Science & Magic: Two Folds of the Same Cloth
Does this sound preposterous? Actually, no.
Arguably they cover two ends of the same spectrum.
As the saying has it, “Go to the source.” In this case, let’s look at the origin of these two words.
- Science: from the Latin scientia – knowledge, equivalent to scient- (stem of sciēns), present participle of scīre – to know
- Magic: from the Greek magikḗ, noun use of feminine of magikós. See magus, -ic, magus as singular form of magi, referring in religious history to the three magi (“the three wise men”) that attended Jesus’ birth. A magus was a “wise one” – someone who knows.
- hard-as-stone fact (science)
- in the gray area of loosely connected intuition (magic)
The connection between both is there.
Magic and Science as We Know Them
The first form of knowledge (science) is typically demonstrated or verified through conventional means, such as acceptance as common knowledge or by a formal committee, such as a panel of scientists. In our modern times, scientists subscribe to the scientific method, a set of rules by which experiments are conducted to provide reproducible and measurable results.
The other form of knowledge (magic) is usually associated with mysterious influences, sorcery, or unexplained powers. Many times magic has a negative connotation. But we’re beyond superstition and fear of road-show magic and snake oil medical quackery now – right? Look. In many instances (not every time), magic was merely a form of knowledge that has not been disclosed to the public.
Take for example the invention of the telephone by Alexander Graham Bell, whose visage in many schoolbooks depicts a classically bearded magus who dispensed of a knowledge of a machine that produced “disembodied voices” from far away. If he had pulled this stunt a mere one hundred or more years before amidst the Puritan-era of early America, or during the shameful witch-hunt frenzy that was the inquisition, Bell would have been tried and executed for heresy! Even Bell’s scientific contemporaries had difficulty understanding his new technology.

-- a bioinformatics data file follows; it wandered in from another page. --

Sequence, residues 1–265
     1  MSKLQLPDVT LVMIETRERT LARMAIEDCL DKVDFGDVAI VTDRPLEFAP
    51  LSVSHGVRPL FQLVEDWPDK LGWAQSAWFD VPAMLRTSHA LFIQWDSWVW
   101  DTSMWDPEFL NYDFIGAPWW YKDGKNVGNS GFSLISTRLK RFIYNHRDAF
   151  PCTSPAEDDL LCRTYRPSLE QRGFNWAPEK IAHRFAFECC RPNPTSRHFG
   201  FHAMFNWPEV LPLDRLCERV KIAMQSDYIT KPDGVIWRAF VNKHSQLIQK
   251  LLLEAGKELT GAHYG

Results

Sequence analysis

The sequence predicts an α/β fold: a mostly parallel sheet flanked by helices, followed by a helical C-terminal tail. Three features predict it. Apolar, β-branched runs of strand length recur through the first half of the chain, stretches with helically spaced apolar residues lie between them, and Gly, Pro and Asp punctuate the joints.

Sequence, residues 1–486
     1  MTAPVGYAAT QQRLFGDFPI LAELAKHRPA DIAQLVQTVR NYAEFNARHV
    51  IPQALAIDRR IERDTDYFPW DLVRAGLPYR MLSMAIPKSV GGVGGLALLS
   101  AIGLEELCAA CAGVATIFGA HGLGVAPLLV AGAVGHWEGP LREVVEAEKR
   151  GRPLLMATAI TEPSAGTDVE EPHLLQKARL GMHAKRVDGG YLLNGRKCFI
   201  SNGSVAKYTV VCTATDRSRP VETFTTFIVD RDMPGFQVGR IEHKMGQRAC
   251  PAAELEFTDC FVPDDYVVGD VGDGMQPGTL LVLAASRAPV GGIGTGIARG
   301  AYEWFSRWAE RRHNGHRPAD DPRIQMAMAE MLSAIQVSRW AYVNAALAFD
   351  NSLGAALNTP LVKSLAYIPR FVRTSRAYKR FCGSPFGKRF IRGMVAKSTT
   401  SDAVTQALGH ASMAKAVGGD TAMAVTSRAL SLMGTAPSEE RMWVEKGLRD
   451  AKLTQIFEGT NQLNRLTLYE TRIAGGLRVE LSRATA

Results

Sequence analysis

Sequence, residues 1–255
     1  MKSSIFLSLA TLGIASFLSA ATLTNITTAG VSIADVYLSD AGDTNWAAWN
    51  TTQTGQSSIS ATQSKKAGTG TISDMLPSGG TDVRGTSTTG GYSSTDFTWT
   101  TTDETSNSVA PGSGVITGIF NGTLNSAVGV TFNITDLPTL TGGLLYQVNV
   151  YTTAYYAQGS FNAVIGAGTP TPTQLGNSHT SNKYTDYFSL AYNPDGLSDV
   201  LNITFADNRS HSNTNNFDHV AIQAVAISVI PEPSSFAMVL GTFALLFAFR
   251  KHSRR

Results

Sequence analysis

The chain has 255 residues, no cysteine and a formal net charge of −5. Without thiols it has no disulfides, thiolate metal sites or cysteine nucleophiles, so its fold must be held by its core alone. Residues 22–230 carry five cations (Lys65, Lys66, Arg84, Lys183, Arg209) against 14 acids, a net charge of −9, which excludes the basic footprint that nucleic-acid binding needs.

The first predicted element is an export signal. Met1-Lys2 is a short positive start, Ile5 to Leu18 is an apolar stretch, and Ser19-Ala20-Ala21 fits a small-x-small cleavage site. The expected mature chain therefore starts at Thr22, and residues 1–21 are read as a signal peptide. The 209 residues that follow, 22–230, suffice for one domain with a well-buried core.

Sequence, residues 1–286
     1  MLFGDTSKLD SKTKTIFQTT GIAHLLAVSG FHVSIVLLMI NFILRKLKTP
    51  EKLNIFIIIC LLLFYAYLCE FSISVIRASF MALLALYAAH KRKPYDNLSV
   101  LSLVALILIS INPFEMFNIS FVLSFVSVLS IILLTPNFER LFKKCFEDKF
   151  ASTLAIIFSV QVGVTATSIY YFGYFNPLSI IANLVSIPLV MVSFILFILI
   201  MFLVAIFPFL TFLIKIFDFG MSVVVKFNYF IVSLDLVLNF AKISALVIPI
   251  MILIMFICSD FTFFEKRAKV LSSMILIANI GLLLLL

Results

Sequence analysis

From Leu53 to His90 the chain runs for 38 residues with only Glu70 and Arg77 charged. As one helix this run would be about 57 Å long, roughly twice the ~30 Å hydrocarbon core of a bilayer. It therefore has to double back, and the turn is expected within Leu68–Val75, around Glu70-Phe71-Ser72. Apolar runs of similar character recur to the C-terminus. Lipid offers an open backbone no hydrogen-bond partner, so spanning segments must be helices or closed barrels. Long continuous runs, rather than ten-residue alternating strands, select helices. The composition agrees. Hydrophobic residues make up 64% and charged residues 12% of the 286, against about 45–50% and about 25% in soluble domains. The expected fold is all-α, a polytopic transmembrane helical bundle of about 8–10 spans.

But that’s what the “magical version” of science does: Magic dis-covers knowledge by bringing it out of the dreaded darkness into the light of understanding, and then once accepted, people suddenly call it “science”!
Both of Equal Value
Magic and science are two peas in the same pod, albeit opposite ends of that pod. With magic lying on the Intuition end of that pod, and science on the realm of Reason. Neither are to be discounted with respect to one another, and both to be held in greatest regard for their contribution to the dis-cover-y of knowledge.
Go to the source – which in some cases includes one’s own trusted intuition.